Small east Texas town has to boil water during Thanksgiving due to old infrastructure


ZAVALLA, Texas — The nearly 700 residents here must boil their water this Thanksgiving as the small east Texas town grapples with aging infrastructure that has left residents without safe water for 10 days this month.

The working-class town, 23 miles southeast of Lufkin, has had problems with its water system for years, but issues worsened this month when water pressure decreased so much that the city issued a boil-water notice on Nov. 14. Low pressure then turned into a complete stoppage for several days that caused schools and businesses to shut down. In trying to fix the problem, the city identified multiple infrastructure problems, including a malfunctioning vacuum pump and leaks in several water lines.

“It’s almost as if a tsunami has hit us,” s city councilwoman Kim Retherford, said. “It’s not given us any time to breathe.

The situation in Zavalla is reflective of issues with water supplies statewide, as water infrastructure has aged and become increasingly vulnerable while the state’s population continues to grow. Rural towns in east Texas are particularly prone to issues with water quality and supply – according to data from the Texas Commission on Environmental Quality, east Texas has experienced more boil-water notices in the past decade than any other area.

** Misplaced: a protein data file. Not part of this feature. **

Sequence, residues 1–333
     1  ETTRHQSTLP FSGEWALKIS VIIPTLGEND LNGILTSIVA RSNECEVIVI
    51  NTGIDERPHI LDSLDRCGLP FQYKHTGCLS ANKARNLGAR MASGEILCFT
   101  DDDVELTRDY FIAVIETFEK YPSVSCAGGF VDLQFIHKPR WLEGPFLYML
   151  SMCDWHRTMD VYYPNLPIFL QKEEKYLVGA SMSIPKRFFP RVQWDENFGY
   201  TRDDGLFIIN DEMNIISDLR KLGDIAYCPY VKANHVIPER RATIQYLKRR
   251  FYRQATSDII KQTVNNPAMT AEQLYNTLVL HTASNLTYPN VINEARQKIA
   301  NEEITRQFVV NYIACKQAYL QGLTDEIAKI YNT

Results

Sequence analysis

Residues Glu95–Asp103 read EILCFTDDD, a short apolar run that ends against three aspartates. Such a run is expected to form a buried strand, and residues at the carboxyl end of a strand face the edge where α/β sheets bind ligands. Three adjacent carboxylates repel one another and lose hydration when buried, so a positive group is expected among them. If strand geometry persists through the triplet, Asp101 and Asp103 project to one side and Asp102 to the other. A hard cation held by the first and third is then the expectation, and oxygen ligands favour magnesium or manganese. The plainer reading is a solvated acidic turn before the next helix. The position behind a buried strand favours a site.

Rural communities’ water systems are often run by volunteers or city leaders who lack the technical knowledge to meet growing state and federal regulations. With limited funds, these communities also delay or forgo much-needed repairs.”Everything you’re experiencing is a 20- or 30-year problem in the making that has come to a head,” Kelley Holcomb, Angelina & Neches River Authority general manager, said during an emergency City Council meeting this week. “You’re not going to get out of this cheap.”

In Zavalla, most of the city’s water has been restored, but the boil-water notice remains in effect. A lab in Nacogdoches will test water samples and determine if the notice can be lifted.

“I work a lot of hours and all I want when I get home is a hot shower,” one resident said. “I’m here as a community member saying we don’t need to have this problem in the future. We need a team working on this.”

Community members suggested that the city apply for private grants to overhaul the entire water system.

Holcomb suggested that the city begin sourcing its water from Lufkin, a solution he said would take five years to implement.”You’re not going to be able to solve your problems by yourself,” Holcomb said. “That stuff is old, it needs to be replaced – it needed to be replaced 20 years ago.”


The Texas Tribune is a nonprofit, nonpartisan media organization that informs Texans – and engages with them – about public policy, politics, government and statewide issues.





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